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How to use voice control in macOS Catalina

Control your Mac with Apple’s new voice-recognition tech

(Image: © Shutterstock; Future)

Now that the final version of macOS Catalina has been released, we’ve been busily exploring its many new features. 

One of the key features in Catalina is Voice Control, which is designed to help people who may not be able to use a conventional mouse and keyboard to control their Mac with their voice. 

Voice Control has two main functions, allowing people to dictate text into emails or other documents, and also to issue commands to their Mac, such as “Open Mail” or “Quit Safari”. 

And, of course, Voice Control can be used by anyone, and we found that it doesn’t take long to get used to opening and closing apps and issuing other commands with our voice. Apple’s documentation on Voice Control is a bit sparse, though, so we’ve decided to take a closer look and show you how to get started with Voice Control in macOS Catalina.

If you've not done so already, check out how to download and install macOS Catalina. We've also collected all the most common macOS Catalina problems and show you how to fix them.

How to use voice control in macOS Catalina

(Image credit: Future)

1. Start up Voice Control

Doh! The new Voice Control options are supposed to be about ‘accessibility’ and, as you’d expect, they’re located inside the Accessibility panel within your Mac’s System Preferences. 

However, Voice Control is actually quite a long way down the list of available options, so you might need to use a mouse to scroll down and find it – which seems a bit daft to us.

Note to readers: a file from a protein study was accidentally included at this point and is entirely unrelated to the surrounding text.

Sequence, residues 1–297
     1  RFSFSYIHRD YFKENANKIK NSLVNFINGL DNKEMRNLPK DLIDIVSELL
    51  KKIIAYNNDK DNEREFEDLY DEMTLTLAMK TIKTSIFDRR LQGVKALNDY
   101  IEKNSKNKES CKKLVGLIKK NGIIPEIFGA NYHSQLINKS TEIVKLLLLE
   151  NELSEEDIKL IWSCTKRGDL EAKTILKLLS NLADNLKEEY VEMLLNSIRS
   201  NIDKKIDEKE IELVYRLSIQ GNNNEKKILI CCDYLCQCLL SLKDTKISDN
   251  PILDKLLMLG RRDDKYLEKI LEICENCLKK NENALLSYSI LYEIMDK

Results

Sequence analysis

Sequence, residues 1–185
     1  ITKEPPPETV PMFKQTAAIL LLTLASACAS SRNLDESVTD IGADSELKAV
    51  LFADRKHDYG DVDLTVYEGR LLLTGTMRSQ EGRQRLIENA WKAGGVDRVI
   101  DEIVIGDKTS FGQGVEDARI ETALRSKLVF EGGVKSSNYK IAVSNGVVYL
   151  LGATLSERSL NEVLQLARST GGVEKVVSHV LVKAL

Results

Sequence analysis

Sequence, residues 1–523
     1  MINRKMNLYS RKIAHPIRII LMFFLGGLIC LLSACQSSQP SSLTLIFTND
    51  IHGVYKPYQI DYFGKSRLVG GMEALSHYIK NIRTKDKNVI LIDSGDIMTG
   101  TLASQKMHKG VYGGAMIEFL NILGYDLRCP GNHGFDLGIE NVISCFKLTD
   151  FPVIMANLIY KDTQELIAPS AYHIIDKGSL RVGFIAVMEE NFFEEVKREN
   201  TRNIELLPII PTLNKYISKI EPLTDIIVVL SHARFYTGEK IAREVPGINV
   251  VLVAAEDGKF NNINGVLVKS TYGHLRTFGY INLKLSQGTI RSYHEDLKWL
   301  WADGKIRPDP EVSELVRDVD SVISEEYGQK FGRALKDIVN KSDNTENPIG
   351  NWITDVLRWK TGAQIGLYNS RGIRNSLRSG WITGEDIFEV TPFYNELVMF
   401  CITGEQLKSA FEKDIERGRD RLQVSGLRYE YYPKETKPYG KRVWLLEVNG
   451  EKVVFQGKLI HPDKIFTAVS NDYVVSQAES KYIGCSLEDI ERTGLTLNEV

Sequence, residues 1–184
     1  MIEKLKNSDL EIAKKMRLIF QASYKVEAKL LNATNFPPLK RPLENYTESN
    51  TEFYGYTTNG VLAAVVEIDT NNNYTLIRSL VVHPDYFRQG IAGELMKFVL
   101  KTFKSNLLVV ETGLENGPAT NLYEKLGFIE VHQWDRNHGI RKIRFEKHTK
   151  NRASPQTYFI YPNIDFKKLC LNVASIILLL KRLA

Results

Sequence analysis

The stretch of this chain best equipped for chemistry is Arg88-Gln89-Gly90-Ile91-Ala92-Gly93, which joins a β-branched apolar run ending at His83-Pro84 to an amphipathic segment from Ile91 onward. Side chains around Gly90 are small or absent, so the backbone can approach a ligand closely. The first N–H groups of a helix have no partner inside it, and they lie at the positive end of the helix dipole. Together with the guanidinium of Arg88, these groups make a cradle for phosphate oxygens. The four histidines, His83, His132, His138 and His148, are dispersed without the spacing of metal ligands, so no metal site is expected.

A simple mouse-click will activate Voice Control, although you will then have to wait for a minute or two for your Mac to download some extra software. When Voice Control is ready you’ll see a little microphone icon appear on the Mac desktop.

How to use voice control in macOS Catalina

(Image credit: Future)

2. Voice Commands

You can use Voice Control to dictate text in emails and other documents, and also to issue commands to your Mac. 

Clicking on the ‘Commands’ button with your mouse will show you a list, but if using a mouse is difficult then you can now just say “Click Commands” instead. 

There’s a long list of commands to scroll through, organized into categories such as ‘navigation’ and ‘text editing’, but there’s a Voice Control alternative here as well. 

You can also speak to search for commands – so saying “document” will show you all the voice commands for working with documents. But now, let’s just say “quit System Preferences” to move on and explore a little.

How to use voice control in macOS Catalina

(Image credit: Future)

3. Easy as 1,2,3

Voice Control provides a number of options for navigating around your Mac. The first is to assign numbers to commands and objects on your screen.

The Apple Menu holds several key commands for controlling your Mac, so let’s start by saying “Click Apple Menu”. 

Voice Control will now open the Apple Menu, and you’ll see that every command within the menu has been assigned a number, so saying “three” will open the App Store, and saying “eight” will shut the Mac down. 

You’ll find similar numbered commands in the File Menu and other menus, as well as in the menus of individual apps that you work with.

How to use voice control in macOS Catalina

(Image credit: Future)

4. Turning speech into text

Voice Control allows you to dictate text into emails, or use word processing apps such as Microsoft Word or Apple’s Pages. 

You can also edit text using spoken commands such as “Select All”, or “delete sentence”. If you need a little help, you can also say “Show Commands” at any time to view a list of the Voice Control commands that are available. 

However, many of these dictation features were actually available in previous versions of macOS, so we won’t dwell on them in too much detail here. Let’s move on, and explore the new features that allow you to control your Mac and other types of app.

How to use voice control in macOS Catalina

(Image credit: Future)

5. Browse the web with your voice